Volume 17, Issue 6 (Nov-Dec 2023)                   mljgoums 2023, 17(6): 10-12 | Back to browse issues page

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Shahbazi A E, Barati N, Soleymani E, Khandan Del P, Khandan Del A, Azizi N, et al . Association between toxoplasmosis and COVID-19 infection: A cross-sectional study. mljgoums 2023; 17 (6) :10-12
URL: http://mlj.goums.ac.ir/article-1-1575-en.html
1- School of Nursing and Midwifery, Saveh University of Medical Sciences, Saveh, Iran
2- Research Center for Molecular Medicine, Hamadan University of Medical Sciences, Hamadan, Iran
3- Department of Medical Parasitology and Mycology, School of Medicine, Hamadan University of Medical Sciences, Hamadan, Iran
4- Department of Microbiology, Gorgan Branch, Islamic AzadUniversity, Gorgan, Iran
5- Department of Microbiology, 5th Azar Hospital, Golestan University of Hospital, Golestan University of Medical Sciences, Gorgan, Iran
6- Department of Medical Parasitology and Mycology, School of Medicine, Hamadan University of Medical Sciences, Hamadan, Iran , m_motevali@umsha.ac.ir
Abstract:   (644 Views)
Background: COVID-19 is a respiratory disease pandemic and a major global health problem that can cause acute respiratory distress syndrome (ARDS). Previous studies have shown an inverse link between toxoplasmosis and COVID-19. This study aimed to evaluate the association between COVID-19 and toxoplasmosis infection.
Methods: In this cross-sectional descriptive study, samples were taken from 360 patients, 50% of whom were men and 50% were women. Of the patients, 180 were determined to be COVID-19-positive by the ELISA kit, and 180 were in the control group. Some demographic characteristics, such as sex, age range, and occupation, were also recorded.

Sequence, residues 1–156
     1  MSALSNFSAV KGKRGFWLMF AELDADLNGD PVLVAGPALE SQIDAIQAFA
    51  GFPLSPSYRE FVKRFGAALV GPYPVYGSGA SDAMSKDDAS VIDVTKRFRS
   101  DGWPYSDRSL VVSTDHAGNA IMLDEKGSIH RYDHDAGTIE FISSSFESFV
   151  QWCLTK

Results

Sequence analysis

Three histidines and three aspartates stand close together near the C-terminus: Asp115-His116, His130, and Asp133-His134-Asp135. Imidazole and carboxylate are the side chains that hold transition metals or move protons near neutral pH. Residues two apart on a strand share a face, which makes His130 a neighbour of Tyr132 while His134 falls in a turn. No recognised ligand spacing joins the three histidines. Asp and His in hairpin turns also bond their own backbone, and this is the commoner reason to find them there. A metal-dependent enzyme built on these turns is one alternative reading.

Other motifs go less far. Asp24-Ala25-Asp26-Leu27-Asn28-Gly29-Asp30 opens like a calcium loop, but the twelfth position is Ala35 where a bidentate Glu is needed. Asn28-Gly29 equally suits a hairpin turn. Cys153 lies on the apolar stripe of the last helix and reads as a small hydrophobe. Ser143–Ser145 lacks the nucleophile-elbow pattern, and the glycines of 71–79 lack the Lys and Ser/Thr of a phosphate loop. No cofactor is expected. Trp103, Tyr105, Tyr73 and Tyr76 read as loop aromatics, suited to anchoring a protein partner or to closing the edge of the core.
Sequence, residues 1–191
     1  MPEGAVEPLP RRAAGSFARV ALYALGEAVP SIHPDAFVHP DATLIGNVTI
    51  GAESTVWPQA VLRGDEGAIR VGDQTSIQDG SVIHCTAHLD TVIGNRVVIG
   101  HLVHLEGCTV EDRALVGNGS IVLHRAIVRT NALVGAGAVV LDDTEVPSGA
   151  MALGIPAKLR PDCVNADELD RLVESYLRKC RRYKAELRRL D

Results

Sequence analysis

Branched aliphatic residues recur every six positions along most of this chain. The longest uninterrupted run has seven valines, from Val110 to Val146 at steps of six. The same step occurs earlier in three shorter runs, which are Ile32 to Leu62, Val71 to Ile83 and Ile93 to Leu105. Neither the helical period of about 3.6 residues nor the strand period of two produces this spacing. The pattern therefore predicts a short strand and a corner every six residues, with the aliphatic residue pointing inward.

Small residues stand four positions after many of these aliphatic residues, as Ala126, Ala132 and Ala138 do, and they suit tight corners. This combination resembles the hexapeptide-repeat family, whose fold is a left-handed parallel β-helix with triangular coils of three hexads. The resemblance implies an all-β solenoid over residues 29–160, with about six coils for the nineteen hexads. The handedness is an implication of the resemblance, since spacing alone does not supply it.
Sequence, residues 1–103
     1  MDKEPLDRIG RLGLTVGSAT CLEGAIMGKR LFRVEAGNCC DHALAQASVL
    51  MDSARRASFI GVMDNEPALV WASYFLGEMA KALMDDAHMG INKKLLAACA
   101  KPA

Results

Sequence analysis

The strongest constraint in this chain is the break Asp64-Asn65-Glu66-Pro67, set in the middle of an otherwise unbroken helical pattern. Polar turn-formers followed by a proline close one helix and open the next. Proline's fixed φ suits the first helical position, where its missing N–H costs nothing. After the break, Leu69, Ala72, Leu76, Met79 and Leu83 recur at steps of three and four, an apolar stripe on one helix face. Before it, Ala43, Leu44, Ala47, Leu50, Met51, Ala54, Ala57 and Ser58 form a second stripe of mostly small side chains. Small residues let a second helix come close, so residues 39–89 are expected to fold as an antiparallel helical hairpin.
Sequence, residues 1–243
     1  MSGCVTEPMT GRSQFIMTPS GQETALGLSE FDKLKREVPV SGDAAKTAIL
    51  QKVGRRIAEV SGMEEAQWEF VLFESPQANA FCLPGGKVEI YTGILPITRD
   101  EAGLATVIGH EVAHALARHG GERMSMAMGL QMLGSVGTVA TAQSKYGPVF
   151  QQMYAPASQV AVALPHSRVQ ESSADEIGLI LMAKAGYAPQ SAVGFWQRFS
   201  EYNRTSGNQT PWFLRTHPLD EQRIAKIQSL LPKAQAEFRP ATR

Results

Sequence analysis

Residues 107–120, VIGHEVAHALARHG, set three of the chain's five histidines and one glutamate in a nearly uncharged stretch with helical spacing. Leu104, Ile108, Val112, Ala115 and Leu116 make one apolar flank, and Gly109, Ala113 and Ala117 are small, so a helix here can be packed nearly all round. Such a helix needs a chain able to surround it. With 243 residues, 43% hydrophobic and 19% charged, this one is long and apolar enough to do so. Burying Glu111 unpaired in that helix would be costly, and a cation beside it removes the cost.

Results: This study was conducted on 180 COVID-19-positive patients, of whom 26.7% were in the 16-30-year age group, 25.1% were self-employed, and 31.7% had anti-Toxoplasma gondii antibodies. Among the 180 control patients, 21.1% had antibodies for T. gondii. Of the 57 patients who were co-infected with both COVID-19 and toxoplasmosis, men had higher infection rates (63.2%) than women (36.8%). There was a significant relationship between co-infections with COVID-19 and toxoplasmosis with occupation, but not with age.
Conclusion: The study found that people with toxoplasmosis infection have a 1.73 times higher risk of contracting COVID-19. The findings suggest that infectious agents could be a predisposing factor, possibly due to changes in cytokine levels.
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Research Article: Research Article | Subject: Parasitology
Received: 2022/09/11 | Accepted: 2023/01/23 | Published: 2024/02/26 | ePublished: 2024/02/26

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